exhibition details - location, times  all artists

meaning  ' ..puzzling, strange, mysterious'
meaning  '..coloured yarns'

Knitting & Stitching Show

The 2001 Knitting & Stitching Show

What would happen if you took a small group of ordinary Japanese women and housewives with common enthusiasm for knitting, and tried to get them to look at their hobby from the point of view of professionals or artists? This was the aim of the series of workshops in Japan led by Yoshimi Kihara, a knitting designer who lives in London. The workshops were held once a year, and gradually evolved to present her students with new and wider challenges, thinking not just about yarns and colour but about how they present themselves to the outside world and what part their creativity and knitting plays in their lives. The results can be seen in their exhibition as part of the 2001 'Knitting and Stitching' show. 

'Fushiginoiroito' may be a difficult word for the English tongue to pronounce, but we will have little difficulty in recognising the struggle and effort the women have made to along their route to this exhibition. Yoshimi Kihara has tried at all times to emphasise that their creative development was a matter of each one accepting individual responsibility for this process. The eighteen 'Fushiginoiroito' members are not a collection of star Japanese designers, but of ordinary enthusiasts - each trying to push and tug at the limits of their individual skills and abilities. 

Starting from a slide lecture in 1990, the workshops eventually formed into two groups - one in Tokyo and one in Kyoto, Japan's ancient former capital. For the past six years each workshop has culminated in exhibitions mounted in established galleries in Kyoto and Tokyo. They also 'exchange' each other's exhibitions - sending detailed hanging instructions along with their work to their partner workshops. Each of the last four exhibitions have been organised by the members themselves. This has meant communicating amongst themselves throughout the year, booking the galleries, informing the press, keeping accounts, making mailshots, posters and catalogues and all the other associated tasks of an exhibition. The workshops have provided a period of intense scrutiny of the work and their underlying ideas. Plain speaking is both given and expected, and for many Japanese this directness is uncomfortable and unfamiliar.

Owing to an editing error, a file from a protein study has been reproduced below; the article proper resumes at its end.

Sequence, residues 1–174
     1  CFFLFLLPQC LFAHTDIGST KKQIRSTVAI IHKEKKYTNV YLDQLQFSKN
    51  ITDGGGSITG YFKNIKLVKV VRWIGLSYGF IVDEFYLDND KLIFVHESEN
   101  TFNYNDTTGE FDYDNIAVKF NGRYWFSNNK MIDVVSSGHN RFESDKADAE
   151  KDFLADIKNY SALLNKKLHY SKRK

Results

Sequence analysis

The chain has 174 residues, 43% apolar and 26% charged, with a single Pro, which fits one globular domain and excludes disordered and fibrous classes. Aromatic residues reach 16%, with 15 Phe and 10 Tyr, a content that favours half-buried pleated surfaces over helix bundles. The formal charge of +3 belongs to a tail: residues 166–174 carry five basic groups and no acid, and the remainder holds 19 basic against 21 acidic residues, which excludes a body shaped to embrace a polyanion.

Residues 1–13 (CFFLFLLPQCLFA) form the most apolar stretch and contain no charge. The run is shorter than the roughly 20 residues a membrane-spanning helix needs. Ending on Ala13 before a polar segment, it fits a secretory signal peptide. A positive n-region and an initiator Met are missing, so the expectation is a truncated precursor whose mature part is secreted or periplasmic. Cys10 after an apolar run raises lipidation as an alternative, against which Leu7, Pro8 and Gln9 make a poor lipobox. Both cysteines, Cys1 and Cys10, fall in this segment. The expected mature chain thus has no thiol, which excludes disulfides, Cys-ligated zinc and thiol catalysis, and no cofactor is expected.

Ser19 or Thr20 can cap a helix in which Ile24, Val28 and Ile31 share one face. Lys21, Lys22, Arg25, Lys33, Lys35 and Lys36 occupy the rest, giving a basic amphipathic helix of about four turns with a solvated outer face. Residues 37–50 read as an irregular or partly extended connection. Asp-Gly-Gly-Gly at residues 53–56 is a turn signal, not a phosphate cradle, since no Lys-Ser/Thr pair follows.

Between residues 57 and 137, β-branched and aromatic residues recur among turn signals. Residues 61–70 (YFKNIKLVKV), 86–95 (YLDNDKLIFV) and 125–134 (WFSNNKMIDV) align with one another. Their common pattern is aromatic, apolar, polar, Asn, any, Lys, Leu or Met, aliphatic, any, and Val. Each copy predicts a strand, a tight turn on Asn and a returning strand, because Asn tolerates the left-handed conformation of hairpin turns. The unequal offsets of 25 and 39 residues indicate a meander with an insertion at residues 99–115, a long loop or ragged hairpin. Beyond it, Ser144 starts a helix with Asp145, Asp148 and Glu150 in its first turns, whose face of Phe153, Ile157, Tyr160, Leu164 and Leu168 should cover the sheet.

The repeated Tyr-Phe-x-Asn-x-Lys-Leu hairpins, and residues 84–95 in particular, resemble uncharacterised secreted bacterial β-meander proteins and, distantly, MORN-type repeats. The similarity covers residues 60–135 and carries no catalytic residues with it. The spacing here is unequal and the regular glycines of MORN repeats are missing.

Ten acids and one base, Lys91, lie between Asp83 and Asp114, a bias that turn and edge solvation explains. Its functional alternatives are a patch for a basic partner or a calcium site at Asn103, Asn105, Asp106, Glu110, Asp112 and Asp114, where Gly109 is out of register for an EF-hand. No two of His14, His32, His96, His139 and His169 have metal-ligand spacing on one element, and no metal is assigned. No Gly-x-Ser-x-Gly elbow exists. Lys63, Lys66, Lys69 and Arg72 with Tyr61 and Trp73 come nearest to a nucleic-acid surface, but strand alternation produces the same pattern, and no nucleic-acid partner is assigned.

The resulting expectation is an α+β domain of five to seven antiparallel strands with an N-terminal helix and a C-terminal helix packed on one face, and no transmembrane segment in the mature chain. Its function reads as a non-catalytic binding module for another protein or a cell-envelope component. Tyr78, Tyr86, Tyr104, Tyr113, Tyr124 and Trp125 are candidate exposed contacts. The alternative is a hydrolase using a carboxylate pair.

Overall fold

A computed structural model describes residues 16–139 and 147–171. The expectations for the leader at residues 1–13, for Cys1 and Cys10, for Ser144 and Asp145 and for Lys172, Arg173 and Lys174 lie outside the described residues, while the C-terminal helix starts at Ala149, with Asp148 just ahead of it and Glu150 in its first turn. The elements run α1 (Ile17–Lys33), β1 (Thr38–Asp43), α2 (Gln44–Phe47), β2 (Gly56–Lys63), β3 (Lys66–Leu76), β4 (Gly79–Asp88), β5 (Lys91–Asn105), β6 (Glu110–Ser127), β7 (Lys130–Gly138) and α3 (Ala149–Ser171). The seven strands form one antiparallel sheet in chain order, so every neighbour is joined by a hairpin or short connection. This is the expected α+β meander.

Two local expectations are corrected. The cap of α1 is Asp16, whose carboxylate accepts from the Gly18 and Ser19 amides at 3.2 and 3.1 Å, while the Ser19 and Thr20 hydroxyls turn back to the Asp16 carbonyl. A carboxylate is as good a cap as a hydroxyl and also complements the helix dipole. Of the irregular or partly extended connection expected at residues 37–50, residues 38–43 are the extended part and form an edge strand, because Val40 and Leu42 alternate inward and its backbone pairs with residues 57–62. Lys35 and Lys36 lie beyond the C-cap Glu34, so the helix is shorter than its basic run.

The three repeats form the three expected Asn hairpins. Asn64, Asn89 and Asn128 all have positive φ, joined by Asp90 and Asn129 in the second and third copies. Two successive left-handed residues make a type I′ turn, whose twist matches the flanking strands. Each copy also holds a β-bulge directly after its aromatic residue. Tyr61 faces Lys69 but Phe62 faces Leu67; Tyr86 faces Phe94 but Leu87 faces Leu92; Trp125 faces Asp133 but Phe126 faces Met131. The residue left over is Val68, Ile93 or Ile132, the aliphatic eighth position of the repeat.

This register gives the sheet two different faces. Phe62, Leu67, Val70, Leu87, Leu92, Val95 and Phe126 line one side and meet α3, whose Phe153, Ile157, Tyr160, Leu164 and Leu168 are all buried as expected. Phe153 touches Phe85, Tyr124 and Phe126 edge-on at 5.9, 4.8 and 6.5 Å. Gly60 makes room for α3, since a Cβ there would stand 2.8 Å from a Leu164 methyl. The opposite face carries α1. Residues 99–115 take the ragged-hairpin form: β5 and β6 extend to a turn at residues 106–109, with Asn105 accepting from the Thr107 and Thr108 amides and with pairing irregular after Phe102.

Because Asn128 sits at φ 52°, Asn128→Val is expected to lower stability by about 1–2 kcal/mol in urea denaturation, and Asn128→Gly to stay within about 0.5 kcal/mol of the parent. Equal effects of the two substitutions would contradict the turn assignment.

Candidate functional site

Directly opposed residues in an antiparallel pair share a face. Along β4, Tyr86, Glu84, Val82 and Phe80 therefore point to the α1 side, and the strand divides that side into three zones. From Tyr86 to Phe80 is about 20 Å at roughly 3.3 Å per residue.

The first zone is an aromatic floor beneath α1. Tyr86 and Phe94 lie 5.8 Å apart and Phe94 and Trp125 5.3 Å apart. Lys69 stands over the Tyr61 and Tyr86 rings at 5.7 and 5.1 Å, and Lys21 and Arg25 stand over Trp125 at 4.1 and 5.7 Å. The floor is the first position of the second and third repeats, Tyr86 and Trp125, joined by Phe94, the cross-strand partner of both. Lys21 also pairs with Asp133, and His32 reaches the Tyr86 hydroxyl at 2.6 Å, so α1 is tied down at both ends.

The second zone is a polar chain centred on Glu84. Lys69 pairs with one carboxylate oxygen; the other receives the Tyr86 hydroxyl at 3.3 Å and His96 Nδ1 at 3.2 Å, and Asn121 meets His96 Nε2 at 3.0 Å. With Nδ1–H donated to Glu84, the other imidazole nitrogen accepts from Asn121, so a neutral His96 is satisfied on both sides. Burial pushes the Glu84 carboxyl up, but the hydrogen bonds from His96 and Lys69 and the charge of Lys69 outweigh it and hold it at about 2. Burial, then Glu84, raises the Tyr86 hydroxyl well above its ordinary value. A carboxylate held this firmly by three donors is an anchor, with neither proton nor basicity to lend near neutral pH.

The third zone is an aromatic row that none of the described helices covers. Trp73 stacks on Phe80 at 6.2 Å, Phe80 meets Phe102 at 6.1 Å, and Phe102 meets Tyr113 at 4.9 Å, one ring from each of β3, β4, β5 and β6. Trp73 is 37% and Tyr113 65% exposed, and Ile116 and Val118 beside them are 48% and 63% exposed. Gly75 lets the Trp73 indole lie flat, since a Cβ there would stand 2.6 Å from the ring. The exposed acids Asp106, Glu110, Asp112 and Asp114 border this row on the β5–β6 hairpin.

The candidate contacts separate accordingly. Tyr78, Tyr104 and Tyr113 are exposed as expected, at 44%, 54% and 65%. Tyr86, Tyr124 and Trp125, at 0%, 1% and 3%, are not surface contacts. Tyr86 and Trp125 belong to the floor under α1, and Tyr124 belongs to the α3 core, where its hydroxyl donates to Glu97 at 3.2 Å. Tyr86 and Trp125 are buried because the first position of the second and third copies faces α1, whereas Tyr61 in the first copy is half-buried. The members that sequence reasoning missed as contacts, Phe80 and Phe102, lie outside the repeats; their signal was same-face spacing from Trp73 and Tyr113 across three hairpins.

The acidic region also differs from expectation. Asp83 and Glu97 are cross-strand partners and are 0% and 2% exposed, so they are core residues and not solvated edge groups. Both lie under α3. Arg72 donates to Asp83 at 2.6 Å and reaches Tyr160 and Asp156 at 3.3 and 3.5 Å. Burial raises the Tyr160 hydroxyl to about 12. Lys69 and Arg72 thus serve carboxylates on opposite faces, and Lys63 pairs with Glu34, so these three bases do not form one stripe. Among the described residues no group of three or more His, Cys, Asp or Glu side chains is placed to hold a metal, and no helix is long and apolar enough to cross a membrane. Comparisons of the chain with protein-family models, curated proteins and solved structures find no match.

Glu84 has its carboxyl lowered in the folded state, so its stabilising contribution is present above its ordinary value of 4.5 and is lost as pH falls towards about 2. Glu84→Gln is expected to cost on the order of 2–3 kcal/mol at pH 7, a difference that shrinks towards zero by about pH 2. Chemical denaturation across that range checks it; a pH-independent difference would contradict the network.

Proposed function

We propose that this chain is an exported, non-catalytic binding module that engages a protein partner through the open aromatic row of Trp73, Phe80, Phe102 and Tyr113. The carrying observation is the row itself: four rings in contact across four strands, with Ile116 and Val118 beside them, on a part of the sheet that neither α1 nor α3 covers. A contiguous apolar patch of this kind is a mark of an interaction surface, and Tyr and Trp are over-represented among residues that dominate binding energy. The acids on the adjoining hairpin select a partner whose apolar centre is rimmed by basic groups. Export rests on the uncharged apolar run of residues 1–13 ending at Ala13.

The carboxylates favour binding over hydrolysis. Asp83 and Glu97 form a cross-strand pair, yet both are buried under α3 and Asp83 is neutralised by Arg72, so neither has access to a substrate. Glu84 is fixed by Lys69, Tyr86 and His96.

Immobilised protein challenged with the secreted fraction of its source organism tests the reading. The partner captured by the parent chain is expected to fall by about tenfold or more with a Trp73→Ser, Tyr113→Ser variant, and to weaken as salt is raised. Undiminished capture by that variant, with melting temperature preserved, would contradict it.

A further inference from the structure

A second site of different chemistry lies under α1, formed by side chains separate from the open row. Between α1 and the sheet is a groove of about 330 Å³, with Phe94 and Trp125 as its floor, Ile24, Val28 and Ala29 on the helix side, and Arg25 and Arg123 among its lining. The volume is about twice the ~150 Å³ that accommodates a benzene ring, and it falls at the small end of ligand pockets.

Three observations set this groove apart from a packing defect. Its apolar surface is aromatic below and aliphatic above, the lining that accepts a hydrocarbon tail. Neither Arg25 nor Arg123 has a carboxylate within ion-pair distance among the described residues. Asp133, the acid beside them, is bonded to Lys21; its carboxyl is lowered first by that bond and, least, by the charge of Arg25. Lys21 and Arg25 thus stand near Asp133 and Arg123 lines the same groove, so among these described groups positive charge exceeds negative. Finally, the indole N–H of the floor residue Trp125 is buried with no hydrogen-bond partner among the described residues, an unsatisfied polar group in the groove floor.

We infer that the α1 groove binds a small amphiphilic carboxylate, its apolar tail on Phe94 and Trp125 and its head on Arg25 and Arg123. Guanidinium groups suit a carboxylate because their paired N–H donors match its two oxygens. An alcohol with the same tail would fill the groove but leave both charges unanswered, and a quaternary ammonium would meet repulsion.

The exhibitions of the "Fushiginoiroito" members aren't meant to be end in themselves, but an essential part of a process of extending their skills. Yoshimi Kihara writes: "It was my belief that we should show our selves to the public in our exhibitions without covering up all the struggle involved - for better or worse. Sometimes time and patience would run out before we had finished, but nevertheless we would carry on with the exhibition, even if it was half-finished." 

In 1998 many of the current members visited London to see the 'New Designer Show', the collected degree shows of British and Irish Art Colleges. The energy and commitment of the student's work came as a shock and a pleasure. Their delight at having the opportunity to exhibit at the Knitting & Stitching Show owes something to this experience. 

The members of 'Fushiginoiroito' (puzzling, strange, mysterious…coloured yarns ) look forward to their meeting with the public here, and many of them will be present during the show. For many of them this may well be the high point of their development, but for a few we hope this will become the moment when they step beyond the group to achieve a wider recognition for the high quality of their work. 



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